Small boys often choose cars or trucks to be their favorite toys. The first drawing Mikhail Ivanov ever did was a submarine. Wrecks have been Mikhail's passion ever since. As the early drawing suggested, he is especially interested in submersible war machines lost in the fog of war. Finding wrecks and recreating their histories is Mikhail’s specialty. Despite his young age, Mikhail has years of research behind him. He has located tens of wrecks, most often with the help of Finnish, Russian and German archives.
"I consider diving season a disappointment if I'm not able to find even one of the still missing WWI and WWII submarines", Mikhail summarizes his goals. Other ships found are just a bonus to this submarine hunter.
Mikhail is a familiar member on many Finnish and Russian expeditions on the Gulf of Finland. His presence is appreciated as it is not unusual for the search party to go out to the sea just to find the wreck exactly on the spot pointed by Mikhail.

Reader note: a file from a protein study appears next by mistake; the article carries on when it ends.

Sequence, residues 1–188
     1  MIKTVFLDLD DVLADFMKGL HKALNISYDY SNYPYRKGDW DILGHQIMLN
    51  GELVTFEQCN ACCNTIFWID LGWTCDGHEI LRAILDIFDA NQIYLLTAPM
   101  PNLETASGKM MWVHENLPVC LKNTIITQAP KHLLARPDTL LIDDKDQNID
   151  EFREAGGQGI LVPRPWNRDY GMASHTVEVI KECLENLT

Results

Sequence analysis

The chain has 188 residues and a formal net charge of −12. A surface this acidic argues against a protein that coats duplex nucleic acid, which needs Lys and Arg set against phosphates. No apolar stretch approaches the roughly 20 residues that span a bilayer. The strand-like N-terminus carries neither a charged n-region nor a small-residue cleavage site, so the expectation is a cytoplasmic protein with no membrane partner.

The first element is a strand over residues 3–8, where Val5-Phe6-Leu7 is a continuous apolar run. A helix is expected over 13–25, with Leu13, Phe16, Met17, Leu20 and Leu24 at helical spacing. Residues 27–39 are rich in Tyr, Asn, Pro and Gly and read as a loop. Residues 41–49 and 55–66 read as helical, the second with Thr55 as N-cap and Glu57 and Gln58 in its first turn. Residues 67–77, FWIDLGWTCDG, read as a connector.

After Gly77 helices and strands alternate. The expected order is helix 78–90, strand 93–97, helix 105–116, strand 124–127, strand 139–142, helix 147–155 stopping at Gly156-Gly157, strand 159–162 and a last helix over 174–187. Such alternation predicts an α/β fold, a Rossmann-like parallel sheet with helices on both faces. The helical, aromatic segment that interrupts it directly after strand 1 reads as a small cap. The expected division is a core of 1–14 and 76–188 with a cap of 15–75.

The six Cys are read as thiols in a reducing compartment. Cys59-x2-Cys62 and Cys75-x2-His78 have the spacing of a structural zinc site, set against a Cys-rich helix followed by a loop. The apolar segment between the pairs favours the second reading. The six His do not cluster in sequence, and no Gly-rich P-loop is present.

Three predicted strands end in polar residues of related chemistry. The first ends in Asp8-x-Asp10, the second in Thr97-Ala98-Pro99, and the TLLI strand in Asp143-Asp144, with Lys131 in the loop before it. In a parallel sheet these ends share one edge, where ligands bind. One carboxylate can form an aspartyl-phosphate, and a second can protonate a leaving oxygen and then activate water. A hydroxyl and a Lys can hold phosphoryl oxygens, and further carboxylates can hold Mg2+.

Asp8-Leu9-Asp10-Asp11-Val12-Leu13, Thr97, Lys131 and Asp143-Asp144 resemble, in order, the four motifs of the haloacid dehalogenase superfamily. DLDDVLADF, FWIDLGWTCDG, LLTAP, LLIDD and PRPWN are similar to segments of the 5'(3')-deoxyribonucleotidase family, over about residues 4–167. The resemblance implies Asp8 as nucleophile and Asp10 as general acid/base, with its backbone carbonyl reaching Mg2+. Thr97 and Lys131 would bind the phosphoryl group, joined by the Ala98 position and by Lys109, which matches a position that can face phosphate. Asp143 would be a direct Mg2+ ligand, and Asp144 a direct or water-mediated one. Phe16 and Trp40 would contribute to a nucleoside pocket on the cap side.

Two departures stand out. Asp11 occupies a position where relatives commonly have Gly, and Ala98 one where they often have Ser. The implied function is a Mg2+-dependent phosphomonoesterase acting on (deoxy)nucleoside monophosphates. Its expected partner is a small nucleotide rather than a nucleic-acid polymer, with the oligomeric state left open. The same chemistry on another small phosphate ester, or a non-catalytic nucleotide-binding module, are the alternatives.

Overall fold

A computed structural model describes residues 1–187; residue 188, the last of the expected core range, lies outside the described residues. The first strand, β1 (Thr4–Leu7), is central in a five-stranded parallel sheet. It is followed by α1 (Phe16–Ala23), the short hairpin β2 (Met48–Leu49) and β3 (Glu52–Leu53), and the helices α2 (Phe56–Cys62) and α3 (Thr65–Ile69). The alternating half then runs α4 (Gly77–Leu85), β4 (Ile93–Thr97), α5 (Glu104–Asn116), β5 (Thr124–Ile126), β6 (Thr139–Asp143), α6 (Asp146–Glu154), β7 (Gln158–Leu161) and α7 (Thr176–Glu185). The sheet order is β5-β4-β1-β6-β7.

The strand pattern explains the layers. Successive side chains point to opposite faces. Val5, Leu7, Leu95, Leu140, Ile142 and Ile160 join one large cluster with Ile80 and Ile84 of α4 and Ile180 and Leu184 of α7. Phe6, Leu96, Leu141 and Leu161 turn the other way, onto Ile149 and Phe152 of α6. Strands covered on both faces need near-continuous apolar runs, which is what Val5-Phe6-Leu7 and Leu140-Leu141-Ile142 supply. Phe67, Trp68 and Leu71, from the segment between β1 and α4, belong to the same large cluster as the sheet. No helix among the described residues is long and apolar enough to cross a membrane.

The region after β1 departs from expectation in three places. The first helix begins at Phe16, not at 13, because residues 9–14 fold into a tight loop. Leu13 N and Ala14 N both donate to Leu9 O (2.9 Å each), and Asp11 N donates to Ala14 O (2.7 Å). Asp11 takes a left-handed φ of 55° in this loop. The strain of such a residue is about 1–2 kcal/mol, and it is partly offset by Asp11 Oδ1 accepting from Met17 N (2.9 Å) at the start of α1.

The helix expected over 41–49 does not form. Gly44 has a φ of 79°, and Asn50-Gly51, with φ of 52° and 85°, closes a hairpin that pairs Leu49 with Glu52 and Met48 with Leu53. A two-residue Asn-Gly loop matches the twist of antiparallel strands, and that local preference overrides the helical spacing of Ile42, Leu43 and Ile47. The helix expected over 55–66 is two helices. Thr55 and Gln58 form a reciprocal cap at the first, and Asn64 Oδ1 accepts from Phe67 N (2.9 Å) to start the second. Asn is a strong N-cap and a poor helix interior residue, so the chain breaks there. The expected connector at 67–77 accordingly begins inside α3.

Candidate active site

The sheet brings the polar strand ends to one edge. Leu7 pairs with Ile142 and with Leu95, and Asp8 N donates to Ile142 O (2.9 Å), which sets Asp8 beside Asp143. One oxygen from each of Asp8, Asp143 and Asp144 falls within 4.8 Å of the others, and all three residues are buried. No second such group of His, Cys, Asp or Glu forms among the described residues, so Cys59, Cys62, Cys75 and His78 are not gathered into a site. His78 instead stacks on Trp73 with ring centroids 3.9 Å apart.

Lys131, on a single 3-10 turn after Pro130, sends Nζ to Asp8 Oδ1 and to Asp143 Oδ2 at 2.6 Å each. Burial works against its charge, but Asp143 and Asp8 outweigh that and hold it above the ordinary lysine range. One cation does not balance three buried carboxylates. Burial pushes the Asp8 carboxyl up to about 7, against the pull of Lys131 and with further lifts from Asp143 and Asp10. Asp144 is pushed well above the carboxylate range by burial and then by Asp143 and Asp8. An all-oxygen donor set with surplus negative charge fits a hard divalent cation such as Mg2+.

Finding previously undiscovered wrecks is hard and time consuming work. Mikhail has sat numerous hours in archives, travelling constantly between Finland and Russia. He has collected all details in a database that is his seemingly bottomless source for new findings.
A good example of Mikhail's methods is the Divers of the Dark webisode about Sch-311 Kumzha. It tells a story about how Mikhail researched and spotted one of the lost Russian submarines of WWII.
In 2013 Mikhail was involved with the finding of famous 19th century Imperial Russian Navy warship Lefort, which was located in eastern Gulf of Finland. Lefort sunk in 1857, with the loss of all the 826 people on board, making it the second worst peacetime disaster in Baltic Sea.
Mikhail has been diving since 2003. He switched from open circuit to rebreather in 2009. Nowadays he works as an engineer in energy industry in St Petersburg.
A son was born to Mikhail and his wife in September 2014. A proud father already has plans for his off-spring.
"There are over 20 submarine wrecks in the Barents Sea, between Nordkapp and Varanger. The average depth is 150-200. I have all archive material already collected and analyzed. That will be my legacy: In a couple of years, my boy can throw the rebreather on his back and start diving those wrecks."